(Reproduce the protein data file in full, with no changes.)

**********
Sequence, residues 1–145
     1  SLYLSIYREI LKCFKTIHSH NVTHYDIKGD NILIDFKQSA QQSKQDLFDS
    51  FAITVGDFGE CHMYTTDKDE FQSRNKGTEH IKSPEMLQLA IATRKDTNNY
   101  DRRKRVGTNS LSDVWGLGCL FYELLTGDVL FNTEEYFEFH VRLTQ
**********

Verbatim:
Sequence, residues 1–145
     1  SLYLSIYREI LKCFKTIHSH NVTHYDIKGD NILIDFKQSA QQSKQDLFDS
    51  FAITVGDFGE CHMYTTDKDE FQSRNKGTEH IKSPEMLQLA IATRKDTNNY
   101  DRRKRVGTNS LSDVWGLGCL FYELLTGDVL FNTEEYFEFH VRLTQ